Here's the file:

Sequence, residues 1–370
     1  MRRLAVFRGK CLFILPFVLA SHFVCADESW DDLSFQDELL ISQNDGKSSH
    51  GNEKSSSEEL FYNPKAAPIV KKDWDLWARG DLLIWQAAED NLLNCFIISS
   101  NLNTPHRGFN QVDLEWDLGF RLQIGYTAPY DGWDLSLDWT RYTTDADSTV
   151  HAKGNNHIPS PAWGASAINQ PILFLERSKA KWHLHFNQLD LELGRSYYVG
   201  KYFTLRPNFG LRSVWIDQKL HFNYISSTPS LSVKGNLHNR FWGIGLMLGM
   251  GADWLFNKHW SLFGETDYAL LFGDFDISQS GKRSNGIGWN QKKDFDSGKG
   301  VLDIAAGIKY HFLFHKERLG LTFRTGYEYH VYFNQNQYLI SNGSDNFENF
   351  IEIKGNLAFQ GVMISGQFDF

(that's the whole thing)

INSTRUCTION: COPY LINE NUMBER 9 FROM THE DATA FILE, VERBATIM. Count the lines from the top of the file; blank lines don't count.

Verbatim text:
   351  IEIKGNLAFQ GVMISGQFDF